Let’s begin this week with a quote from the New American Standard Bible: “Seek, and you will find” (Matthew 7:7). So just what made me consult a bible?
It was a report in the New England Journal of Medicine that stated South Korea has experienced a thyroid cancer epidemic in recent years. “Thyroid cancer is now the most common type of cancer diagnosed in South Korea.”
So has North Korea managed to produce a thyroid cancer agent they are hurling across the DMZ? No. This is what I call a ‘pseudo’ epidemic. Even the authors of the scientific paper attribute the “epidemic” to a government-sponsored cancer screening program. Back to the “Seek and you will find!”
This is one of the dangers of wide-net screening. Are we turning up cancers that would never have been a problem if we had left them alone? In other words, are we looking just too intently?
It also would appear that the same “epidemic” has been seen in other developed countries. The Martians must be putting the cancer agent into the chemtrails left by jet aircraft.
However, the doomsayers ask, could exposure to the electromagnetic radiation (RF and ELF) emitted by cell phones and cordless phones be contributing to this worldwide thyroid cancer epidemic? Isn’t it time for our government to fund research on the risk factors underlying this epidemic?
According to the American Cancer Society, although some thyroid cancers can be linked to exposure to ionizing radiation, “the exact cause of most thyroid cancers is not yet known.”
Now far be it for me to suggest that this could be a giant waste of money, researching something that produces asymptomatic cancers. The old adage “If it ain’t broke, don’t fix it” comes to mind. The research budget to look at cancers that don’t kill you or adversely affect your quality of life, is not money well spent in my view.
I have written before about the adverse health effects of mobile phones, and to be honest, I do not believe there are any. It seems that all over the world there are groups of scientists devoting their laboratory lives to studying the effects of radiation from mobile phones. One group even went so far as to suggest that pregnant women should not place their mobile phones on their abdomens as the radiation can get as far as the developing brain in the fetus as the skull is so much thinner than adults.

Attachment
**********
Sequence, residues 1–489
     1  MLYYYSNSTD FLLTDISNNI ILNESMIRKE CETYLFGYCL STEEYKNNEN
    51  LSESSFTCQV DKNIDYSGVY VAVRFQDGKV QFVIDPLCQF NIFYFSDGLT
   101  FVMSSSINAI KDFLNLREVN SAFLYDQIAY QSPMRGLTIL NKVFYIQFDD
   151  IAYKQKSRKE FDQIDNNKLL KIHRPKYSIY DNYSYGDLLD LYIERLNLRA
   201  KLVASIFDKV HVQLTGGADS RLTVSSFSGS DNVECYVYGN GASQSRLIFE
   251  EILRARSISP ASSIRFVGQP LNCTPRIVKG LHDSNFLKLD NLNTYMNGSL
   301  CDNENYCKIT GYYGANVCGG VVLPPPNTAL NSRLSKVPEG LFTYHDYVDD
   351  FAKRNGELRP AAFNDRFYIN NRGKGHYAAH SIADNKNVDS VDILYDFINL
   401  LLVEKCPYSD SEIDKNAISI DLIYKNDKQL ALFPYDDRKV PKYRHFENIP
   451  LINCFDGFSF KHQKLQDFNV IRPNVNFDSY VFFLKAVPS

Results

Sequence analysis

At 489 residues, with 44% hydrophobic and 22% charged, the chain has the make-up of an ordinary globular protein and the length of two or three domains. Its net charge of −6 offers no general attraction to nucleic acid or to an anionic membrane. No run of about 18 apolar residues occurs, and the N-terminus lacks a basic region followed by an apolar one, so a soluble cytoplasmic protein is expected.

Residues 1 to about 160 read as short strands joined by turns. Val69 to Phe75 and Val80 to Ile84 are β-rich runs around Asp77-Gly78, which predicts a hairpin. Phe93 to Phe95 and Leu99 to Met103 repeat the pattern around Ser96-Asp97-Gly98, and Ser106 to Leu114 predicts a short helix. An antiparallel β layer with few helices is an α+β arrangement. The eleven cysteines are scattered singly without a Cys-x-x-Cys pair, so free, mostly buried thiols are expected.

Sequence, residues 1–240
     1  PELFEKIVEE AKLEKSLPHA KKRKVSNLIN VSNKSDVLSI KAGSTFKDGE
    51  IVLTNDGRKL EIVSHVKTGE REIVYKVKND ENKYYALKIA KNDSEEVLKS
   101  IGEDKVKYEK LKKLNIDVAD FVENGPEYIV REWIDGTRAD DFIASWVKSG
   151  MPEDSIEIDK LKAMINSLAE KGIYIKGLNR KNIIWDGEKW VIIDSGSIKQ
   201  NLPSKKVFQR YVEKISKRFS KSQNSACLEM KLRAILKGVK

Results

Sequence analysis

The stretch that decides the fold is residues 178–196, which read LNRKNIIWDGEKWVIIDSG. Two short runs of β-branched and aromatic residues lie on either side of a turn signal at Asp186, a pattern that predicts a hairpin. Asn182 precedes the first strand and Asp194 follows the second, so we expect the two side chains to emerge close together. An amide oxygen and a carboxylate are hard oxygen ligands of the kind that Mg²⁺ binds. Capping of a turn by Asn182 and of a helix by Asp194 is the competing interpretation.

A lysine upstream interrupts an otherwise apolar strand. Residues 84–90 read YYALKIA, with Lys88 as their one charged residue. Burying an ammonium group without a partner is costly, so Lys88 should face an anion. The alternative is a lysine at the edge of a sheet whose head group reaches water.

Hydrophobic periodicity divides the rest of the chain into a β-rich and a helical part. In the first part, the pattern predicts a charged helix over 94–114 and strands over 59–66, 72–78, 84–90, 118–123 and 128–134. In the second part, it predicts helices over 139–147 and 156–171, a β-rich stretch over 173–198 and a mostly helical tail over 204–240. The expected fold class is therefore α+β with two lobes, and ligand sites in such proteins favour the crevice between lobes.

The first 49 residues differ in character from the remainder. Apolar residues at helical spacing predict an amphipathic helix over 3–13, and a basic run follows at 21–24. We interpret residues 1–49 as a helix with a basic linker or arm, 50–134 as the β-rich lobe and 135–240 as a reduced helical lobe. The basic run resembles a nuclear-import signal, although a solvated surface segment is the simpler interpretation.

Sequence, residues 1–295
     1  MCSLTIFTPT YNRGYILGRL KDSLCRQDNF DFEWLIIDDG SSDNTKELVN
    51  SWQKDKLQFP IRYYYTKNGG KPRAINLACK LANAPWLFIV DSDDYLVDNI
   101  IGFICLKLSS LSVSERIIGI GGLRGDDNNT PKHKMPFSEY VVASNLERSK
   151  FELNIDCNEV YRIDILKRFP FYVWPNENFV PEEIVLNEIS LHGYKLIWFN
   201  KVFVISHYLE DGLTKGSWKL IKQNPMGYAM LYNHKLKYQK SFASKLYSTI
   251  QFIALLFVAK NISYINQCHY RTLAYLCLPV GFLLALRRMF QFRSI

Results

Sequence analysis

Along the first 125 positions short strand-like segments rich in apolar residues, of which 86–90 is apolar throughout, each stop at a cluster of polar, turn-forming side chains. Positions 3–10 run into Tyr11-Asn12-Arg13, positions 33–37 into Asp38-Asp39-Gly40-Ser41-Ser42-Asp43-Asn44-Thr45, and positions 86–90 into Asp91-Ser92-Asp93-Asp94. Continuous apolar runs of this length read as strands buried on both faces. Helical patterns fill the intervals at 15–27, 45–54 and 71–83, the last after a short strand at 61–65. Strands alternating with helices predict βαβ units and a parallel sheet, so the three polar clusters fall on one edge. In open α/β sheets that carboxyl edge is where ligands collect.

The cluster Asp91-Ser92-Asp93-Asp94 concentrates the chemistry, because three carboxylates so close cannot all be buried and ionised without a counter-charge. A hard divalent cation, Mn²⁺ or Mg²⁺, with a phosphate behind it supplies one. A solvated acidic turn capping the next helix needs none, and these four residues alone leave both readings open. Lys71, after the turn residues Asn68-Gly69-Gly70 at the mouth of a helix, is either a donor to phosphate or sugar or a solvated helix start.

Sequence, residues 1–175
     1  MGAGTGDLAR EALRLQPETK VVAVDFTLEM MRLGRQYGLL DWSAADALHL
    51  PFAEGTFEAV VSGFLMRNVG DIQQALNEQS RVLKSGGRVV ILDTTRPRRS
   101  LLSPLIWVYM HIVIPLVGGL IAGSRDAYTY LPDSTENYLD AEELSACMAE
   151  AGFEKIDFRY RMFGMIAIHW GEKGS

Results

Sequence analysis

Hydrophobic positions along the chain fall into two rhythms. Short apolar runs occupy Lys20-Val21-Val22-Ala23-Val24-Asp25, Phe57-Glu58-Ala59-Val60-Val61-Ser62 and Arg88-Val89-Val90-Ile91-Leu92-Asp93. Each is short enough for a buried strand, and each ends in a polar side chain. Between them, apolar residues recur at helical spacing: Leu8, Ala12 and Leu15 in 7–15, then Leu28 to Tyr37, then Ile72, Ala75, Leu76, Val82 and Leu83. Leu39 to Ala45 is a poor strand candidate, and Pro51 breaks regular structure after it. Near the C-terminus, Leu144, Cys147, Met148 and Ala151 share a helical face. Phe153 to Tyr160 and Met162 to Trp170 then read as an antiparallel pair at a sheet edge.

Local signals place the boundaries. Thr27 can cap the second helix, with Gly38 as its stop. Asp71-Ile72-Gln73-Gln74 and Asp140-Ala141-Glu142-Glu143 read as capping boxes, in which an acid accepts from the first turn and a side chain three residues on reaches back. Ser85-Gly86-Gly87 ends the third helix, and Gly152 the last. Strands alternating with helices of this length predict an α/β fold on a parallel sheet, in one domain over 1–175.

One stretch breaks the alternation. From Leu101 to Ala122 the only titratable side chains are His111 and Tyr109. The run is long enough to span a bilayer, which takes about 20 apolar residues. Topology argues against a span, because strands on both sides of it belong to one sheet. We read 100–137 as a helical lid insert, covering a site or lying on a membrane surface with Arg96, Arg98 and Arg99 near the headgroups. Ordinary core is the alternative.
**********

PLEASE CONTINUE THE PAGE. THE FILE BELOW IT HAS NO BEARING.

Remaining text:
If that was not chilling enough, Australian scientists are investigating if children really are more vulnerable than adults to the effects of radiation from mobile phones.
Apparently, a study of 110 adults at the Australian Centre for Radiofrequency Bioeffects Research, partly funded by the Federal Government, confirmed mobile phones cause a change in brain function by altering brainwaves known as alpha waves.
“Although there’s a tiny effect on healthy young adults, there is a possibility that it could be much stronger in children or the elderly,” said Professor Rodney Croft. However, there was no indication from the adult tests if the effect on health was positive or negative.
There have been claims that using mobile phones produces brain cancer because people with brain cancer have used mobiles, and that is about as stupid as claiming that shoes are the greatest killer in the western society because 99 percent of people who died last year wore shoes. Lies, damned lies and statistics.
Now one of the articles I read admitted that scientists worldwide agreed there is no evidence linking electromagnetic radiation emitted by mobile phones to adverse health effects, but claims still persist that frequent use can cause headaches, nausea, problems with concentration, cancer and brain tumors, and I think you can pop thyroid cancer in there too.
Professor Croft admitted Australian studies using unborn or newborn mice had failed to find significant changes in growth rate, brain function and behavioral development. However, I also believe we should keep mobile phones away from mice as they can play havoc gnawing on the cases.
Let’s divert the research dollar from pseudo epidemics to real problems like lung cancer, liver cancer and brain cancer for example.